rising into the low to mid 70s, and a weak shortwave trough coming
through the southwest flow aloft. Have kept some 20-30 percent
chances in for this. The next concern is out west where the
anomalously deep trough marches east into the Dakotas, pushing a
cold front into MN and into the warm and humid airmass. Very good
model agreement for storms to erupt with capping breaking between 20-
21Z from Grand Rapids MN to St. Cloud and Sioux Falls SD. Since the
cold front will still reside west of I-35 at 00Z, it`s going to take
the storms cold pools to help march them eastward. Thus, models have
slowed down the storms approach to now make it look like 6-8 pm when
they move into southeast MN and northeast IA. Expect the storms to
march their way across the forecast area during the evening, pushed
along by the cold front and outflow, perhaps lingering a little bit
after midnight in the east.

On the severe weather side of things, given the increasing dewpoints
and warm temperatures, no problems expected with CAPE or CIN. Now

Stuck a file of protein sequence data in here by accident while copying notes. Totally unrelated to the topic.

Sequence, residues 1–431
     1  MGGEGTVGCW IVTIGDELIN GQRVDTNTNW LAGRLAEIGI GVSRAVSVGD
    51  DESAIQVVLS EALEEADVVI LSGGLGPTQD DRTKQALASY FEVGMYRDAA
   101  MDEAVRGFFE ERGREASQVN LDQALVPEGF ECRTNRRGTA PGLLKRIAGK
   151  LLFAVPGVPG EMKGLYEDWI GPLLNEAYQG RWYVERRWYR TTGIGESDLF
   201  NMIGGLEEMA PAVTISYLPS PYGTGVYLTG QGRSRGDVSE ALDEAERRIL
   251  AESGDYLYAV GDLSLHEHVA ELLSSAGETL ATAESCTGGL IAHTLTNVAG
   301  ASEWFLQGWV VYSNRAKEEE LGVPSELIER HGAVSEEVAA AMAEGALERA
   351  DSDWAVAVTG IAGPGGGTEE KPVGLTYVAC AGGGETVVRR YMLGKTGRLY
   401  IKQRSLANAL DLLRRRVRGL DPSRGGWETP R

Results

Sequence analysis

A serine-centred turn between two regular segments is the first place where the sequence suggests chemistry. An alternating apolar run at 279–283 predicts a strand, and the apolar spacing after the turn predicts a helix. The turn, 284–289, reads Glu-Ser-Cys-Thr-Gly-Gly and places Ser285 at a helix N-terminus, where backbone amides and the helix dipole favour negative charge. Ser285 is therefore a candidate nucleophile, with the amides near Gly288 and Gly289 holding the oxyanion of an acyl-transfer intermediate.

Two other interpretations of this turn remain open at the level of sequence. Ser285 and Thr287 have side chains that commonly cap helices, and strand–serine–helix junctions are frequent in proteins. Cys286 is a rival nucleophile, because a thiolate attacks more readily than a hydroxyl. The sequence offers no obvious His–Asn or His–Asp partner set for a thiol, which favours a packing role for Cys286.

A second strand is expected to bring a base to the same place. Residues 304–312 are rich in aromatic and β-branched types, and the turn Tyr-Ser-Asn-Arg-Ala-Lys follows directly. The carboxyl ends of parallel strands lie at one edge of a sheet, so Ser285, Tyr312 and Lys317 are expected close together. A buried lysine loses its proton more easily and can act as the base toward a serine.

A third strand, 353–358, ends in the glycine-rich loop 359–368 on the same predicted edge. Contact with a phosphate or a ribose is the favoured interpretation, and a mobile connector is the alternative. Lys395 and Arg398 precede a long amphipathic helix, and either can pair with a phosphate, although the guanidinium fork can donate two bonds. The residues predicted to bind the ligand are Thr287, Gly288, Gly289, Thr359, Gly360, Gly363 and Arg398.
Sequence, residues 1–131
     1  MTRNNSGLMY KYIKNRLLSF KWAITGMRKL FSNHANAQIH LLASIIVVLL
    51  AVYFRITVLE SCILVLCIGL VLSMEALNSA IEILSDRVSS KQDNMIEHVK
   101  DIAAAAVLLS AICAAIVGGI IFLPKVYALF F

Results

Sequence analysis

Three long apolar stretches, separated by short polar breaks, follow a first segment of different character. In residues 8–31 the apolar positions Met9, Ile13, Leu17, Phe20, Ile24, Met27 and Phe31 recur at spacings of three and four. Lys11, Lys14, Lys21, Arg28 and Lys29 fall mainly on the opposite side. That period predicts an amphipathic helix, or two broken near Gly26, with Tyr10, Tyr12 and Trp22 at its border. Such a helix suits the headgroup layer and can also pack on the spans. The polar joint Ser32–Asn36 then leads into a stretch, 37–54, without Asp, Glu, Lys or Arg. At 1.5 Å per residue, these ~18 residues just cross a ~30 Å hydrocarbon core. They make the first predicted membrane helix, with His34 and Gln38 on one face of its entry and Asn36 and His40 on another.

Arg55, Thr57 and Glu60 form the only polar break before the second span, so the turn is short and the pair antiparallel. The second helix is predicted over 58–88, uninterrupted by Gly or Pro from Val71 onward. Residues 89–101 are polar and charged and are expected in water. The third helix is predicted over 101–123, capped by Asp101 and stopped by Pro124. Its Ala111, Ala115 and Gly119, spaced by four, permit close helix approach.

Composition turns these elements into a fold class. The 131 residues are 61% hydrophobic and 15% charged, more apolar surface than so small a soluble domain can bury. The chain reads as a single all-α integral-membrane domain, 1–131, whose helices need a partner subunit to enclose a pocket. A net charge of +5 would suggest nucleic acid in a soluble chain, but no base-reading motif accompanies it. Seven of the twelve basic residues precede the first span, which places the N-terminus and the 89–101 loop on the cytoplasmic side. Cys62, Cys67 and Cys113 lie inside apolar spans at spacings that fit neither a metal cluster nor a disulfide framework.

shear is a different story. For the most part 0-6km shear is weak,
sub 30 kt. However, there are some signs for a 30-40 kt 500mb wind
core to come out of central Nebraska at 18z and cross southeast MN
into northwest WI at 00z. If this comes to pass storms could end up
supercellular for a time with hail and damaging winds a threat. More
likely is a broken line of line segments given 0-3km shear in the 25-
30 kt range. Given this shear and a surge of precipitable water
around 2 inches to aid in heavy rain rates and cold pool, would
think strong to damaging wind would be the main threat for our
forecast area. Inflow notches will also need monitoring for
possible tornado given 0-1km shear climbing into the 25-35 kt
range in the evening. Overall highest shear forecast, and most
coverage of severe weather, expected in northwest WI where SPC day
2 enhanced is depicted.

.LONG TERM...(Sunday through Friday)
Issued at 253 PM CDT Fri Jun 24 2016

Sunday through Monday on tap to be breezy days across the region as